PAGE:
Darwin in the Field: Collecting, Observation and Experiment

A multi-disciplinary conference

Dates: Saturday 11th to Sunday 12th July 2009

This conference will focus on Charles Darwin’s (1809 – 1882) practical
work in the field and examine the geological, zoological and
anthropological data, observations and experiments upon which he built
his subsequent theorizing. It will take place at the Sedgwick Museum of
Earth Sciences in Cambridge as part of the programme of events to mark
Darwin’s 200^th birthday and the 150^th anniversary of the publication
of /On the Origin of Species/. Associated events include a major new
HLF-funded exhibition and original research on Darwin’s work as a
geologist based on the rocks and minerals that he collected on the
Voyage of the /Beagle/ (1831 – 1836) now held in the collections of the

Although the /Beagle /Expedition was Darwin’s major and perhaps most
widely known period of fieldwork activity, we hope this conference will
explore and illuminate how and where he acquired practical skills prior
to the Voyage (such as his fieldtrip to Wales with Sedgwick and his
scientific education in general). The smaller projects that he
subsequently undertook in later years including plant and animal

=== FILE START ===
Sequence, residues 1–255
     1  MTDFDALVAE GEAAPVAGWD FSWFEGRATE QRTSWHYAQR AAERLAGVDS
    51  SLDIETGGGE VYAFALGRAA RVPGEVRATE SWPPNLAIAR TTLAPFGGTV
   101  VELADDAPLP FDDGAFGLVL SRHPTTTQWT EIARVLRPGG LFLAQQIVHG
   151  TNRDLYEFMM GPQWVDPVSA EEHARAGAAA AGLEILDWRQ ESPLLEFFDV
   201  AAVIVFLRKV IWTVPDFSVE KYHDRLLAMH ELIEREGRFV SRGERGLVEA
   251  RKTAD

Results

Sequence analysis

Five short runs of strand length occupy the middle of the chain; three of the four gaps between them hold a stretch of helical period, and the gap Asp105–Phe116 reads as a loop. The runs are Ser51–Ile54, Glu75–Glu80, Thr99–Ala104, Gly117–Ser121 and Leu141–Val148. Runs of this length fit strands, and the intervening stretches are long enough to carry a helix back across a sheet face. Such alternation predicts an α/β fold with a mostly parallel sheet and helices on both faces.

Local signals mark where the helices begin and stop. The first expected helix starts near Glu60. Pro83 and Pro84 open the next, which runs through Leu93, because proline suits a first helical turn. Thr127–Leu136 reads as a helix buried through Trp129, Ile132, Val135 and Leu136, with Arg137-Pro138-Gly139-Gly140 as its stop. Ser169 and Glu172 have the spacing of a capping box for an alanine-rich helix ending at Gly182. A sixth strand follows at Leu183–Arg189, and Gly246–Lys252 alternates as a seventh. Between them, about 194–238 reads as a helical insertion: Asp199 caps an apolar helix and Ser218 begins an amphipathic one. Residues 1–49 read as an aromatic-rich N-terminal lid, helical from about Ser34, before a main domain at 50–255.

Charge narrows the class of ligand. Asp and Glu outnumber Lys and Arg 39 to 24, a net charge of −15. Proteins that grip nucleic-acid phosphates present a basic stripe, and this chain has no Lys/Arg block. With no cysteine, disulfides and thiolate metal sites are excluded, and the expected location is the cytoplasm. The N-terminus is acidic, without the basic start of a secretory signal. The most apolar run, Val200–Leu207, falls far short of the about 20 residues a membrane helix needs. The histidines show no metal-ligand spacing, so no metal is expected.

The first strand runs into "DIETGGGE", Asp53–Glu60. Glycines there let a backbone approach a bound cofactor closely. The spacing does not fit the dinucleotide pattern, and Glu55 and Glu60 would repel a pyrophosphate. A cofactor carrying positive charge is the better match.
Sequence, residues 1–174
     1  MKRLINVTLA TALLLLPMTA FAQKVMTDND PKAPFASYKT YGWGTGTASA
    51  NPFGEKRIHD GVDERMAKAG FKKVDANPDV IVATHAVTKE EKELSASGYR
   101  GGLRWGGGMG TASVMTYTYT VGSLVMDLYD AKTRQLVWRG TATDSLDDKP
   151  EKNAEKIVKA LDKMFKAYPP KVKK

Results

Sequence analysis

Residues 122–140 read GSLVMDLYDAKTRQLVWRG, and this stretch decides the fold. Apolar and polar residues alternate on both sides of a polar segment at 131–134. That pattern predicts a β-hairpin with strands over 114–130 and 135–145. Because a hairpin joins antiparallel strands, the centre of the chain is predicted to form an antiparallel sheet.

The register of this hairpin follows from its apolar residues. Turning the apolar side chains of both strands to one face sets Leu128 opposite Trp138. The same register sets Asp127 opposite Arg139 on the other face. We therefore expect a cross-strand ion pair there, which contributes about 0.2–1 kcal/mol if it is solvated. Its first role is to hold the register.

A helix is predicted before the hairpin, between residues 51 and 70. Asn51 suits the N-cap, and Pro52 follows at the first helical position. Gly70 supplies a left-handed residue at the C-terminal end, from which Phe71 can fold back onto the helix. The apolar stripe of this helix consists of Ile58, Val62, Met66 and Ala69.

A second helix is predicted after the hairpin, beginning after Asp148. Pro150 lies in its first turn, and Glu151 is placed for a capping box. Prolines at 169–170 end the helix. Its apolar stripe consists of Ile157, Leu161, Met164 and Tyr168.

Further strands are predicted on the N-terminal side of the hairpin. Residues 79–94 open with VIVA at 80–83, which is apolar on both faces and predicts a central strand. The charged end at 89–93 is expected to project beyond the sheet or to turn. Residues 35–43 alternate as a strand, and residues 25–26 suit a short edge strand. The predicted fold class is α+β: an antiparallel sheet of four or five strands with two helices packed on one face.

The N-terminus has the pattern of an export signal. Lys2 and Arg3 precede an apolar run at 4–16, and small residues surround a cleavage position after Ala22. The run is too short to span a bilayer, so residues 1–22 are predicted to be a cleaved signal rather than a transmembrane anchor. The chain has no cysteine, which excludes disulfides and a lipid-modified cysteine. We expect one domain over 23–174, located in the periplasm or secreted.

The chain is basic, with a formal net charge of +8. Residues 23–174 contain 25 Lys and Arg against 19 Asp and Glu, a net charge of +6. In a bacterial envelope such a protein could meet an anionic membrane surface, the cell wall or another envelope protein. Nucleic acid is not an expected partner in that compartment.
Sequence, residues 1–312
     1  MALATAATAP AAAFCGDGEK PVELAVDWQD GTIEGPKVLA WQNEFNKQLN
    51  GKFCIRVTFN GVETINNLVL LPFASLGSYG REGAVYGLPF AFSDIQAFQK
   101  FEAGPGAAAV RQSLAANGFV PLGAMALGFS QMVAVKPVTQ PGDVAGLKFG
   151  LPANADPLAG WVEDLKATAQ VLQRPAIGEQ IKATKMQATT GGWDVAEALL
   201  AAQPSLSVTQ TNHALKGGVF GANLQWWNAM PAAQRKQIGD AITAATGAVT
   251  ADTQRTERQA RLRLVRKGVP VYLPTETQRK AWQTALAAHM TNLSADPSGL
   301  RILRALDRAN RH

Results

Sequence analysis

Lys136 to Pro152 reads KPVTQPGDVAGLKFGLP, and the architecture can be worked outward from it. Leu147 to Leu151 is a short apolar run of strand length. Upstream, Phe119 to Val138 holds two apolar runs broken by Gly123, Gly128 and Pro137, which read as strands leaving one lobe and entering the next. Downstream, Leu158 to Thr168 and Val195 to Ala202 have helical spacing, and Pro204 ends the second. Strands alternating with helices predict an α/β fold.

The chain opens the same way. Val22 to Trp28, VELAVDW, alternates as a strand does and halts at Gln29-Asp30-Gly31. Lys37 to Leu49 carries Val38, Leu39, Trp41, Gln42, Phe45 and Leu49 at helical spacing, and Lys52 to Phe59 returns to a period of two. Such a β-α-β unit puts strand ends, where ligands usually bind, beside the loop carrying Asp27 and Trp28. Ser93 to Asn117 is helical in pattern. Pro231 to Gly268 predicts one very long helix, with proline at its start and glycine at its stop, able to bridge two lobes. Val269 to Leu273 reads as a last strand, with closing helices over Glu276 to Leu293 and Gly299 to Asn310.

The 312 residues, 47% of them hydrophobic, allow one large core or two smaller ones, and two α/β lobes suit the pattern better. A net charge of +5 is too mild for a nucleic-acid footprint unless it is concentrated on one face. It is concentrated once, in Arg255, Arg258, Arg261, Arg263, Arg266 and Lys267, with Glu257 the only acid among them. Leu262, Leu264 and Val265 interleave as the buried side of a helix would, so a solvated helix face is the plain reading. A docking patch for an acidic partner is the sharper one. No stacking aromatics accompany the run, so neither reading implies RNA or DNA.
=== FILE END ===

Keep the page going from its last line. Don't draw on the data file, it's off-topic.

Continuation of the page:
breeding, barnacles and earthworms could also be examined.

We are also interested in exploring how Darwin collected and documented
objects and what selection criteria he used prior to their inclusion in
his theories and publications. Darwin’s collections are still very much
alive and subsequent scientists have utilised them for different means.
Finally, we are interested in exploring how they relate to present day

We invite papers from historians, museologists and scientists on the
following themes in Darwin’s life and work:

* collecting practices
* experimental/ identification practices in geology, palaeontology,
zoology and chemistry
* systems of naming and classification
* work aboard the Beagle
* theorizing using collected specimens
* field notebooks and drawings
* early scientific education and teachers in scientific practice
* anthropological investigations
* experiments at Down House
* use of Darwin’s collections and/or specimen theorizing in
historical or contemporary scientific practice

If you are interested in presenting a paper, please submit a title and
an abstract of no more than 500 words to Lyall Anderson
([email protected] <mailto:land07